The RF Group, official southern African distributor of Nokia Corp. mobile phones, together with its partner, Cellphone Warehouse -- owned by NIPA in Botswana -- has opened the Nokia Customer Care Centre, which Nokia claims to be the first of its kind in Gaborone.
According to Nokia, the center is a state of the art facility, which serves as a one-stop shop for consumers. The company says that the facility has a dual function, acting as a retail store and a workshop, and offers consumers a visual, as well as a touch and feel experience, of Nokia technology and products. According to the company, consumers can now interact with the staff, and enquire about the latest products and pricing, as well as the benefits that Nokia products bring.
The workshop, says Nokia, employs highly skilled technicians who handle anything from software upgrades to repairing and replacing complex components in Nokia phones. It is also equipped, the company adds, with sophisticated machines, which will repair all Nokia mobile phones quickly, without having to send them outside the country.
According to Nokia, Botswana is a dynamic country of 1.7 million people, and has two GSM operators -- Mascom and Orange Personal Communications Services Ltd. Together, says the company, they boast approximately 500,000 subscribers. Nokia says that these networks have been in operation for the past five years, with 95 percent of the users being on prepaid and only 5 percent on contract.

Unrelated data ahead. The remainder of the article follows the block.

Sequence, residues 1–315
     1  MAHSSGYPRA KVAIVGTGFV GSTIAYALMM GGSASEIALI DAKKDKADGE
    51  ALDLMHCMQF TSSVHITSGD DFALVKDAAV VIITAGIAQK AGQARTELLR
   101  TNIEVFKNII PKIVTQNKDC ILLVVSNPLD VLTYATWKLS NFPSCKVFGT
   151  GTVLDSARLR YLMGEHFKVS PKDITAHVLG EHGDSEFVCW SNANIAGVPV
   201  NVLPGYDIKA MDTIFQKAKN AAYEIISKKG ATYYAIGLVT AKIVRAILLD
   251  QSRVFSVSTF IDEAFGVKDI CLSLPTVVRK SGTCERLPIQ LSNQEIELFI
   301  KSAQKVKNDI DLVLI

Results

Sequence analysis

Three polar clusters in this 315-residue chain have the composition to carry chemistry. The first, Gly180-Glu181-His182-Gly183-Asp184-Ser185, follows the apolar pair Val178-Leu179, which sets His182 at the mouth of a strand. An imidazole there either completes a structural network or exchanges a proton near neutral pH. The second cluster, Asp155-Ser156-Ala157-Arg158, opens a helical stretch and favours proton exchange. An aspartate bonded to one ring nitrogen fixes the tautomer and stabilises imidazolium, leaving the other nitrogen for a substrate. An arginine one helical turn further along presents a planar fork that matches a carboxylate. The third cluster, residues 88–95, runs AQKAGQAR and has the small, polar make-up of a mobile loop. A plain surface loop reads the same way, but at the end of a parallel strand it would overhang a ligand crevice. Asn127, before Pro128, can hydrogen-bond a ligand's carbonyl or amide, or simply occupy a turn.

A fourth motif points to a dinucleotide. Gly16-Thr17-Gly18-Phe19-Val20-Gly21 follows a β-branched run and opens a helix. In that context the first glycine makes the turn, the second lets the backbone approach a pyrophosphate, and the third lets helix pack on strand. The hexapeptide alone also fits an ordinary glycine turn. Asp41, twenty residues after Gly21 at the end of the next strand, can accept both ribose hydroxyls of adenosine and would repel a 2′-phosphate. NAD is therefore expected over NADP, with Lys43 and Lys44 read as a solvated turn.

"Technology has evolved, and we find that our people need to upgrade to remain on a par with the rest of the world. With only 5 percent of the users being on contract, thus having the ability to upgrade to new Nokia models with new applications, there is a huge opportunity for us to service pre-paid users," says Sadique Desai, a partner in Cellphone Warehouse.
"The majority of users in Botswana are Nokia, and we need to service them by making mobile phones, technologies, as well as after-sales support available in the country," says Chris Hopkirk, RF Group's director of sales for Africa. "It is important for us to invest in Africa, and gain the confidence of the users to put the replacement handsets in the hands of the customer," he says.
Due to different subsidy models within Botswana, Hopkirk concludes: "There might not be the same free or reduced offerings on handsets with contracts as there are in South Africa. It will be up to the operators to decide if this will be possible."